According to a press release (18 January 2002), the U.S. National Academies has released a report that says the United States should ban human reproductive cloning aimed at creating a child. The new report considers only the scientific and medical aspects of this issue, plus ethical issues that pertain to human-subjects research. Based on experience with reproductive cloning in animals, the report concludes that human reproductive cloning would be dangerous for the woman, fetus, and newborn, and is likely to fail. The study panel did not address the issue of whether human reproductive cloning, even if it were found to be medically safe, would be — or would not be — acceptable to individuals or society. Enacting a legally enforceable ban that carries substantial penalties would be the best way to discourage human reproductive cloning experiments in both the public and private sectors, the report says. A voluntary measure probably would not be effective because many of the technologies needed to accomplish human reproductive cloning are widely accessible in private fertility clinics and other organizations that are not subject to federal regulations.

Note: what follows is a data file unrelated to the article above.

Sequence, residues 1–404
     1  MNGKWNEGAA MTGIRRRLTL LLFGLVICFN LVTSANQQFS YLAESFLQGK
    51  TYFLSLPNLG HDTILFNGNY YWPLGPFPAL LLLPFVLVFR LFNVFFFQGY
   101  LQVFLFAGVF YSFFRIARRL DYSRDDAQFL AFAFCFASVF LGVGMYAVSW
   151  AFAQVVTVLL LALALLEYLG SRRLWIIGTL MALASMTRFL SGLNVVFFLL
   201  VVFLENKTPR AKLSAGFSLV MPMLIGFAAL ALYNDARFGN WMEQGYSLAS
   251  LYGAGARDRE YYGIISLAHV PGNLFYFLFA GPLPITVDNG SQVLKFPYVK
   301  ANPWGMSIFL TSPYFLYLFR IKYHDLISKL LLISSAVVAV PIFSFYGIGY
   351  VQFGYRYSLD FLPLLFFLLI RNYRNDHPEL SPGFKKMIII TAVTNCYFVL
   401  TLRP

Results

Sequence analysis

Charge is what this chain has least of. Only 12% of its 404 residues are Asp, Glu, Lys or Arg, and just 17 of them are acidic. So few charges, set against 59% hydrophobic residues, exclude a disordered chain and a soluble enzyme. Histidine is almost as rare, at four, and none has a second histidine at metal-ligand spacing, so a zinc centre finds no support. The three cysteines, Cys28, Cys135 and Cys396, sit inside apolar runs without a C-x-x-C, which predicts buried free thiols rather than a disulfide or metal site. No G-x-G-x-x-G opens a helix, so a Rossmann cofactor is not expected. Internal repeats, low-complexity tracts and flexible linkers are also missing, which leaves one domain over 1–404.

Read more for additional details, links to the report online, and related news on the Presidential Council on Bioethics. The full report is available on the web on the U.S. National Academies web site; additional coverage is available in this article (18 January 2002) from Reuters News Service. Some previous Nanodot posts on this issue appeared on 22 May and 31 August 2001
In related news, an article in the New York Times (18 January 2002) and another article from Reuters (17 January) report the members of the Council on Bioethics, an advisory body appointed by President Bush, met for the first time on 17 January 2002 to consider the issue of human cloning, which Bush has said he opposes for any reason. The NYT also carried a story from the Associated Press that the nation's first research institute to announce that it was creating human embryos for the sole purpose of harvesting stem cells said that it would end the practice. The Jones Institute for Reproductive Medicine at Eastern Virginia Medical School here drew protests from abortion opponents when it said in July 2001 that it had fertilized donated eggs specifically for stem cell research.